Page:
The revised beard radiators produced some additional drag, but it was more than adequately compensated for by the improved cooling which made the Allison finally capable of delivering its full rated power at altitude. Consequently, the P-38J was the fastest variant of the entire Lightning series--420 mph at 26,500 feet. Maximum speed at 5000 feet was 369 mph, 390 mph at 15,000 feet. Range was 475 miles at 339 mph at 25,000 feet, 800 miles at 285 mph at 10,000 feet, and 1175 miles at 195 mph at 10,000 feet. Maximum range was 2260 miles at 186 mph at 10,000 feet with two 250 Imp gall drop tanks. An altitude of 5000 feet could be attained in 2 minutes, 15,000 feet in 5 minutes, 10,000 feet in 7 minutes. Service ceiling was 44,000 feet. Weights were 12,780 lbs empty, 17,500 lbs normal loaded, 21,600 lbs maximum. Wingspan was 52 feet 0 inches, length was 37 feet 10 inches, and height was 9 feet 10 inches. Wing area was 327.5 square feet. Armament consisted of one 20-mm Hispano M2(C) cannon with 150 rounds plus four 0.50-inch Colt-Browning MG 53-2 machine guns with 500 rounds per gun. In addition two 500, 1000, or 1600-lb bombs or ten five-inch rockets could be carried on underwing racks.

The 1010 Model 422-81-14s included three production blocks. The first block consisted of ten service test P-38J-1-LOs. These were quickly followed by 210 P-83J-5-LOs with two 55-US gallon additional fuel tanks in the leading edge space previously occupied by the intercoolers and thus restoring maximum internal fuel capacity to 410 gallons (1010 gallons with drop tanks). Modifications, including the addition of stiffeners, were required to prevent deformation of the new wet wing leading edge. The last production block consisted of 790 P-38J-10-LOs with flat windshields with the bulletproof glass panel being incorporated into the windshield.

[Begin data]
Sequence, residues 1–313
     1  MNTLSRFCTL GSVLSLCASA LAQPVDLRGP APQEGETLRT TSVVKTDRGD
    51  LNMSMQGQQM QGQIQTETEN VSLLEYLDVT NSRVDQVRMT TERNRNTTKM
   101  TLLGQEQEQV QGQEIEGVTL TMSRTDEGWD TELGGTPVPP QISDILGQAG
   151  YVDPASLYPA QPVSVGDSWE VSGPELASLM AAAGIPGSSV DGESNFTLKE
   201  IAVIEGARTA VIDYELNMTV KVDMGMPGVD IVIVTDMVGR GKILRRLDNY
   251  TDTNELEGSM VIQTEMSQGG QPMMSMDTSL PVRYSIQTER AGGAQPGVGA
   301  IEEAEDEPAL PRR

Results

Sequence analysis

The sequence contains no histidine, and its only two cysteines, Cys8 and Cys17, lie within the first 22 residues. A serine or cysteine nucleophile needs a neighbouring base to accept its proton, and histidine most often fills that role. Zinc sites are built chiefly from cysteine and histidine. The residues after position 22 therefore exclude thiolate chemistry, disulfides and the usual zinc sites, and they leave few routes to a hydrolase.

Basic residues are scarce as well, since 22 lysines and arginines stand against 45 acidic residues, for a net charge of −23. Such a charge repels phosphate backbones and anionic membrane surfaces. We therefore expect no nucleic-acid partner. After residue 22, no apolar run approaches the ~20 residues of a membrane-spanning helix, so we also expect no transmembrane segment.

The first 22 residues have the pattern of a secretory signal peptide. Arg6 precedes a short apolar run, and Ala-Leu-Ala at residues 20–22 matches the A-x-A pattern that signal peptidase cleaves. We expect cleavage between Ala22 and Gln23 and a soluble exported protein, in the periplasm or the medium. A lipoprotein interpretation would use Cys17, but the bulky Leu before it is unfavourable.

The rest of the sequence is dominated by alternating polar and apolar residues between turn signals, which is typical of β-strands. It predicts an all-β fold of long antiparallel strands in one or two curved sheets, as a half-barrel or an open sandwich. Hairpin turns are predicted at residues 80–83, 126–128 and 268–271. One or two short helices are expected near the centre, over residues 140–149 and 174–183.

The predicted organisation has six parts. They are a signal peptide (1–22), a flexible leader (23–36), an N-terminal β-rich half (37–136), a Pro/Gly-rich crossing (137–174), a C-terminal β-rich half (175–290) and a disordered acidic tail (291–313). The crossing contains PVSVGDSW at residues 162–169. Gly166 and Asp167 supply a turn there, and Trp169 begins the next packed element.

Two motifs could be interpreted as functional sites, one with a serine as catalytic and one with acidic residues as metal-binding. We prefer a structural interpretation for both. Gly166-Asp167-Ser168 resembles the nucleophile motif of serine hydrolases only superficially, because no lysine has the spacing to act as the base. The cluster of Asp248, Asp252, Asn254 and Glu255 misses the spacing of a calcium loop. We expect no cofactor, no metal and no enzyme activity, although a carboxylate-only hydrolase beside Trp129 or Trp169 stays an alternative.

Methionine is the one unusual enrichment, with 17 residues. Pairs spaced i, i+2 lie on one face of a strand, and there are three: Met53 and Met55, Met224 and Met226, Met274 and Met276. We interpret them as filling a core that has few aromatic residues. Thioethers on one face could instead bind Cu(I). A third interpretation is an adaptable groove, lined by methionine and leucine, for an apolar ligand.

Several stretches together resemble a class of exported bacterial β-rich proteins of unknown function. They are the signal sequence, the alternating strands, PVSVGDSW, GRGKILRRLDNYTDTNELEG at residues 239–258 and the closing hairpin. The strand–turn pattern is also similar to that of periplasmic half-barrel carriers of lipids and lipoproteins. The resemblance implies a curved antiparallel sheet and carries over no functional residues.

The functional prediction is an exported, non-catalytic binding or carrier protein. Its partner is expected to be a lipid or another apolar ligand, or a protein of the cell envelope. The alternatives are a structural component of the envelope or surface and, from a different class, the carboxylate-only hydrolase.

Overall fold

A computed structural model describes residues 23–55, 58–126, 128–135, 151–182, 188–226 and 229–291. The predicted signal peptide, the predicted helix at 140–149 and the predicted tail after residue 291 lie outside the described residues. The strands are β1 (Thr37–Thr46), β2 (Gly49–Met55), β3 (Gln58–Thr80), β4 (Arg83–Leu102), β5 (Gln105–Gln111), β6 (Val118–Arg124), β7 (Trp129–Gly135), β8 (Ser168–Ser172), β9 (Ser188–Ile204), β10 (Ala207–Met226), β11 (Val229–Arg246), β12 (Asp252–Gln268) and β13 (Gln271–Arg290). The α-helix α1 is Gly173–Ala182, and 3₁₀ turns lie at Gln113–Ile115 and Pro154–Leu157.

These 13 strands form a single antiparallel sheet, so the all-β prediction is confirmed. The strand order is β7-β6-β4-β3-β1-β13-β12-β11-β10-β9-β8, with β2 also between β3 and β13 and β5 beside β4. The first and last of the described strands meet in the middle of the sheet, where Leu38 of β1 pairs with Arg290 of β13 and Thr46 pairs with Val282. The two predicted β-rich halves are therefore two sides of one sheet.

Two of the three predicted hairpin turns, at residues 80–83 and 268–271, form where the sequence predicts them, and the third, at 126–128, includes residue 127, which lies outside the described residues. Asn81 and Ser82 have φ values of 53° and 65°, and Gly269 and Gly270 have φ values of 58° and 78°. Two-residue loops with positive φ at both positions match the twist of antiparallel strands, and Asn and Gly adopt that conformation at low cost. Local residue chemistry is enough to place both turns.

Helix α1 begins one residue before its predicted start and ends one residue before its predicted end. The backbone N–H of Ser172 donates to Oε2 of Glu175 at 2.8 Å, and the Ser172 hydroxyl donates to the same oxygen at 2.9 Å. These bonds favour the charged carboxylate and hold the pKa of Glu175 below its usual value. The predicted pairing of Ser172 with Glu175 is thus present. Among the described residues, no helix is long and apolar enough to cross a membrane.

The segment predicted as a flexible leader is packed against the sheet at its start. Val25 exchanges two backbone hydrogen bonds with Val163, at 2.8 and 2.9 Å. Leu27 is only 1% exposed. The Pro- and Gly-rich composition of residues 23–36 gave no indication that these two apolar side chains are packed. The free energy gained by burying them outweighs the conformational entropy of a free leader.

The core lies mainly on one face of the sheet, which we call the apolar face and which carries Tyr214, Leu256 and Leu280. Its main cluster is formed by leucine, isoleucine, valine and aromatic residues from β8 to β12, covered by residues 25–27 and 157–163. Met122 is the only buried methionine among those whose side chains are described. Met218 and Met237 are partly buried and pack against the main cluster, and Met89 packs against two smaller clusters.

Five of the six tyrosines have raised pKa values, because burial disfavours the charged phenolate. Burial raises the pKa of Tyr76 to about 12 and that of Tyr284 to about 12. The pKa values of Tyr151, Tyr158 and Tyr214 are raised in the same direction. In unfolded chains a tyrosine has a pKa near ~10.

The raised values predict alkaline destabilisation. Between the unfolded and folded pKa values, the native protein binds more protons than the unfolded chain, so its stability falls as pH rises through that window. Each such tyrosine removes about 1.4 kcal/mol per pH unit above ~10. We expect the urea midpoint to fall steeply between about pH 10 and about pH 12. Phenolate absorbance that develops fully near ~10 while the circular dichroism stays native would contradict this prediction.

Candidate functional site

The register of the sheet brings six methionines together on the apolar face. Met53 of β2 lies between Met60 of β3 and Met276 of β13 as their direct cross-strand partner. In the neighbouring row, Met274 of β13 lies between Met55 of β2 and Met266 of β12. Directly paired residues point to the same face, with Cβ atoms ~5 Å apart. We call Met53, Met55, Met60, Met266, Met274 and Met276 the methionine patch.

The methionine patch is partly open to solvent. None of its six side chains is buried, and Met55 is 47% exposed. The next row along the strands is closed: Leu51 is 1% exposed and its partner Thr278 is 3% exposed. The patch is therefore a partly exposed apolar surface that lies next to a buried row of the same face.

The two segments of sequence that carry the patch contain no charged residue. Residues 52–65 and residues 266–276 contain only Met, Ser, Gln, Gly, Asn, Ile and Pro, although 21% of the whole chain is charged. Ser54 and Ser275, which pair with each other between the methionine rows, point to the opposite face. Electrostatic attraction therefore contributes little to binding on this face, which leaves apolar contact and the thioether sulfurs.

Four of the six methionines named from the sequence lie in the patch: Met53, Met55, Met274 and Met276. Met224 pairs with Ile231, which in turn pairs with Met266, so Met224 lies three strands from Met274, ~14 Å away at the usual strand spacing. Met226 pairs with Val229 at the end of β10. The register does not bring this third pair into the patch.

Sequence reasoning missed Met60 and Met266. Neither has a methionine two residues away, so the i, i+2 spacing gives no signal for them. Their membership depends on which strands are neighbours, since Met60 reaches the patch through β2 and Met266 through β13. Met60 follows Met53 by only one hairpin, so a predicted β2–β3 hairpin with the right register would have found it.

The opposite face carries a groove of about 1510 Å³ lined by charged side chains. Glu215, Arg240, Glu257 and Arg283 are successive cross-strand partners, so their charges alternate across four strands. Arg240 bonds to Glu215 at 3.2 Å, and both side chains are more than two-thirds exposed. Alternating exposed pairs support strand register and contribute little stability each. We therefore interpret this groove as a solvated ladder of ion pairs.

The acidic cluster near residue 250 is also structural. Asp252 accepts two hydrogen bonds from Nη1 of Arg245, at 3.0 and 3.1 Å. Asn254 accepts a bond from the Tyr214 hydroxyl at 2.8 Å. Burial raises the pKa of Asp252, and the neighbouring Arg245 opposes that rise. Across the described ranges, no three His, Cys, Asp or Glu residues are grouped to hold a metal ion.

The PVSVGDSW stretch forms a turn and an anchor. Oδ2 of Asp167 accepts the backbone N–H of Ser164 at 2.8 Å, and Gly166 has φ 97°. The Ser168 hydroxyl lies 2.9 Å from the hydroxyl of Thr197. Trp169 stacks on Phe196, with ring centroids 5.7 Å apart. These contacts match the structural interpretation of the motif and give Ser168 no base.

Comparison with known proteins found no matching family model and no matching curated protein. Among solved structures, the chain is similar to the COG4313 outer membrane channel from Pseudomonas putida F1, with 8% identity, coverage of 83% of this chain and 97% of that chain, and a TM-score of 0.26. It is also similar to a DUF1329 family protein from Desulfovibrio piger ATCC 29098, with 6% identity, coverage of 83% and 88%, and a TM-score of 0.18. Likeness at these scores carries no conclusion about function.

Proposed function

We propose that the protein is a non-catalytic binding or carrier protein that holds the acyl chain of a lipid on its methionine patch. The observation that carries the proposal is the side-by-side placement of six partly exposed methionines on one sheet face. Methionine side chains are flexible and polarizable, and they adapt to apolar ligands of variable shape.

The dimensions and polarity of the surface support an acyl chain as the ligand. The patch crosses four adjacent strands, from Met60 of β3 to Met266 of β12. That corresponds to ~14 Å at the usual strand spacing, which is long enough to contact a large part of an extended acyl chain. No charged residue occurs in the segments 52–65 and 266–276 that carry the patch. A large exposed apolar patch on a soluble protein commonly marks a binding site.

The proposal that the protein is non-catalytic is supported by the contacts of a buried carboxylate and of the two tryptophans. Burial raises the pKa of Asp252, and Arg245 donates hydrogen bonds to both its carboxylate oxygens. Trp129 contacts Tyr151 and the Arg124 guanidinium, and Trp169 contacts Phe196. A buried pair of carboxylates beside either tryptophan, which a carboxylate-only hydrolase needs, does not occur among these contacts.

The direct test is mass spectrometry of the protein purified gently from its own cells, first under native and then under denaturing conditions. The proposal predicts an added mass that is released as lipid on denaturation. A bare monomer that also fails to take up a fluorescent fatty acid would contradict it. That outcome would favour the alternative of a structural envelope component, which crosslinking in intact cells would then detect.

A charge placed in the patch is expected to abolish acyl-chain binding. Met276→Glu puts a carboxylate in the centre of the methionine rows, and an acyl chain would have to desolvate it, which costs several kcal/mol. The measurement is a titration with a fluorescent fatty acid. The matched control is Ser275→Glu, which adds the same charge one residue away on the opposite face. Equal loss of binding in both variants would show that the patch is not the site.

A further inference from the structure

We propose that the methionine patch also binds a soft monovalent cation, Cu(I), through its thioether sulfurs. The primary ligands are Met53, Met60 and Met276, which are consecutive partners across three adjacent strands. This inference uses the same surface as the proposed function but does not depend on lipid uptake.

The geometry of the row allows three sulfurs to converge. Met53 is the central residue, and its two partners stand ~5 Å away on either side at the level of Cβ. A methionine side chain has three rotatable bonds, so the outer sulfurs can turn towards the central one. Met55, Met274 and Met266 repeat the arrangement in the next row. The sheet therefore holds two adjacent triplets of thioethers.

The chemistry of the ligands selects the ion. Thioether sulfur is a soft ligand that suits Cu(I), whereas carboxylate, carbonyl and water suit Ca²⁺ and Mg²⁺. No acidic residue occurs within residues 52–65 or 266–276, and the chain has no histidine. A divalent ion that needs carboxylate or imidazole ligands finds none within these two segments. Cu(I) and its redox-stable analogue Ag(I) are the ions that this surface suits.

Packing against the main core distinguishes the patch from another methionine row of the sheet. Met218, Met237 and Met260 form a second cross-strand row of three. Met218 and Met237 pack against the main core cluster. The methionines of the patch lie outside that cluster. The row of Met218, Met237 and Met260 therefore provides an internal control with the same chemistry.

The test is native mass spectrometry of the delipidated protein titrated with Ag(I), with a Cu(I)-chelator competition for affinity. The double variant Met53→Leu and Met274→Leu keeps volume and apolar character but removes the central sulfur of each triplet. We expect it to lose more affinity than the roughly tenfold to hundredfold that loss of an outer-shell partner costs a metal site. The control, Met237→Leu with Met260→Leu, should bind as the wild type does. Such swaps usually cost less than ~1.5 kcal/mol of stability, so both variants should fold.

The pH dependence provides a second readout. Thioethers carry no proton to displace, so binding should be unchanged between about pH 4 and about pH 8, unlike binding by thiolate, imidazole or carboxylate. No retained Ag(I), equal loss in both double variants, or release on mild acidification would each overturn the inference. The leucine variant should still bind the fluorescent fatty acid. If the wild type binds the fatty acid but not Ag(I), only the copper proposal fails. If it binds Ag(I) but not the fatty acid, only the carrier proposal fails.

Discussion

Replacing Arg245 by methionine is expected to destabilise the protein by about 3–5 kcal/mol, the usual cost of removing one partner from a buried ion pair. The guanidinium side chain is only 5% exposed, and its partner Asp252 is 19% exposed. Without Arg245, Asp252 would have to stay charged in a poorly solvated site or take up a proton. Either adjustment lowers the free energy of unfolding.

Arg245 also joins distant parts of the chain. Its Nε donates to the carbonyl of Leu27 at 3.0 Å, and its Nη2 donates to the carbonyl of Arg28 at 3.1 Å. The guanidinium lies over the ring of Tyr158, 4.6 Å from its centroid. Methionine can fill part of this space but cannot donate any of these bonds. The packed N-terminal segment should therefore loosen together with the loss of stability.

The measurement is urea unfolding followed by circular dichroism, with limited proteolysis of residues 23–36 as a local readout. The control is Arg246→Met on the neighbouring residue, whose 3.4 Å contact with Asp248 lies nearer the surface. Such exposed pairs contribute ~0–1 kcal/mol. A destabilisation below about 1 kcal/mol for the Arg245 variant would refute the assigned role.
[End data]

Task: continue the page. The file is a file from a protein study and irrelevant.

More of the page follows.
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These were followed by Model 422-81-22s in two blocks. The first block consisted of 1400 P-38J-15-LOs with revised electrical systems. The second block consisted of 350 P-38J-20-LOs with modified turbo regulators.

When earlier J-series Lightnings went into a high speed dive, their controls would suddenly lock up when a certain speed was reached and the nose would begin to tuck under, making recovery from the dive very difficult. The problem would begin at Mach 0.65 to 0.68, accompanied by vigorous buffeting and a strong nose-down pitch. As speed increased, it became progressively more and more difficult to recover from the dive, larger and larger stick forces being required for a pullout. At Mach 0.72, dive recovery became for all practical purposes impossible, and runaway dives that got this far out of hand usually had fatal results. The onset of severe buffeting would, of course, usually provide adequate warning for a pilot in a diving P-38 that he was about to encounter a problem, but it is easy to get distracted while in the stress of combat. This dive recovery problem was so severe that the Lightnings found it very difficult to follow German fighters in a dive, allowing many Luftwaffe fighters to escape unscathed.